ACLU’s Settlement with OC Delivers No Real Solution to Santa Ana Riverbed Homeless

Politicians and the ACLU are patting themselves and each other on the back for the settlement of a lawsuit filed by the civil rights organization against the county over a push to rid the homeless encampments along the Santa Ana River. The settlement gives homeless until February 23rd to remove their possessions and move out. New notice papers have been posted up that read “All unlawful, disposals, abandoned/unattended items are subject to immediate removal. Violators of these laws are subject to arrest and/or prosecution.” The County of Orange also agreed to open fences that were put up to allow the homeless to get in and out of their encampments as well as offering a free bus pass or other form of transportation to a storage facility in Lake Forest. And OC agreed to pay the ACLU’s attorney fees for the lawsuit.

Hooray for everyone, right? Except for the actual homeless.

Many riverbed residents already moved along by the time the ACLU announced the settlement—some across the riverbed to an area by the bike trail, others to local parks. However, some of the homeless are standing their ground and staying on the banks, while others who are mentally ill still have no idea of what’s going on and all the commotion is provoking much fear and stress. Meanwhile, many Skid River residents and homeless activist are disappointed with the settlement, stating that they believed the ACLU was fighting to get the flood control project completely stopped. “It gives them some time to move but it sucks that they still have to move out at all, they are scared and don’t want to move out. They need adequate housing and healthcare not an extra couple of days” says Danny Somerville an outreach coordinator homeless interventionist. One resident who requested anonymity said that a couple of extra days does nothing for them. And that’s true: It doesn’t change the fact that February 23rd will come, and they will still have no place to go because the armories and Courtyard will continue to be full.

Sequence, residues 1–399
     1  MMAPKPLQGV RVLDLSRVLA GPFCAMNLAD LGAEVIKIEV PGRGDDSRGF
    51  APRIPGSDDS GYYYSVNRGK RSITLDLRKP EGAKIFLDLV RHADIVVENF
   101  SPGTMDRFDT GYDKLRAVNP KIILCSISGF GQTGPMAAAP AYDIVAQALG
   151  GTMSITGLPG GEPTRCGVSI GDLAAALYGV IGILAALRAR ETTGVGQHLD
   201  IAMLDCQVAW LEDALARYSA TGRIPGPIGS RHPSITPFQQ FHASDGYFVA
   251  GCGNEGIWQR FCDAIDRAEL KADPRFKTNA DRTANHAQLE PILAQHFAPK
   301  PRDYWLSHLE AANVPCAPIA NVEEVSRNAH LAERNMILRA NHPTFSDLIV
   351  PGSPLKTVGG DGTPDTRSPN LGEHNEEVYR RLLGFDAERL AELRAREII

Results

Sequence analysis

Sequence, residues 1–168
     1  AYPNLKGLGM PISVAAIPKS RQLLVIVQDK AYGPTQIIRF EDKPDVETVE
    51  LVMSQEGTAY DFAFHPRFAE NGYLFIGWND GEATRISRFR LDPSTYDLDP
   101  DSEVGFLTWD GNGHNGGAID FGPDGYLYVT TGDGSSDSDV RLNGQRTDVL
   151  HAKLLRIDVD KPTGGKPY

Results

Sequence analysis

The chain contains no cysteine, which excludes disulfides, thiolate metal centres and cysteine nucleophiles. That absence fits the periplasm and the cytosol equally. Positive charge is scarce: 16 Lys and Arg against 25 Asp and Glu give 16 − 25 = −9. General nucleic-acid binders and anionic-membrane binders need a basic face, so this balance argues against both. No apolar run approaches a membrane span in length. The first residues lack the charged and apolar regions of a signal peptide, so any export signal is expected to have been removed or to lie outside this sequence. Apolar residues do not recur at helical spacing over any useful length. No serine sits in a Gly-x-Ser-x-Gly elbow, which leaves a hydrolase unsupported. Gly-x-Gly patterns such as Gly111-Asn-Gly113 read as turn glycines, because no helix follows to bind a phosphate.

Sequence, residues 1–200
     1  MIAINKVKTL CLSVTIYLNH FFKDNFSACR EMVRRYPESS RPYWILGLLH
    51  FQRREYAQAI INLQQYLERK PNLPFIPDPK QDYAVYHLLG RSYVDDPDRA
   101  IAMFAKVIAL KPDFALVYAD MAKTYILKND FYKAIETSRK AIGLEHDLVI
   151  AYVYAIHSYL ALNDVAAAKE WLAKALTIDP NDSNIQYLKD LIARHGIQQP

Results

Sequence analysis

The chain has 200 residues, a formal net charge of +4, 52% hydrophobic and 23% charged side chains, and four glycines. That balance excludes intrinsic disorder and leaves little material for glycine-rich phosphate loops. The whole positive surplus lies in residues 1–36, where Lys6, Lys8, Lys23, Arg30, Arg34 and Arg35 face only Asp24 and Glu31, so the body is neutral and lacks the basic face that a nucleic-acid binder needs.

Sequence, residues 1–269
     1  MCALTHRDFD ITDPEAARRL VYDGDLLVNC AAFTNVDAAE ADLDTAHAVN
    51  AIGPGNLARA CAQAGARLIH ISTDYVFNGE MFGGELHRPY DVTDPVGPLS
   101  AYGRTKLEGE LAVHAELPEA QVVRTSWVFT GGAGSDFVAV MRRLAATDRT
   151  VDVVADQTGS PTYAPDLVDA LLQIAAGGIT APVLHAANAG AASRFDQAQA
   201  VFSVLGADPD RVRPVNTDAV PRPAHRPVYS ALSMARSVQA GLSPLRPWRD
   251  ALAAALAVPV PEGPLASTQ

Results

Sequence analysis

While the ACLU lawsuit has been settled, another group of attorneys have filed a separate federal lawsuit against the county over the riverbed evictions. The lawsuit alleges that public workers destroyed some of the homeless’s belongings in the process of displacing them. Though the lawsuits bring attention and may cause delay to the Orange County Public Works project, the question remains: where do the Santa Ana riverbed homeless go come February 24th?

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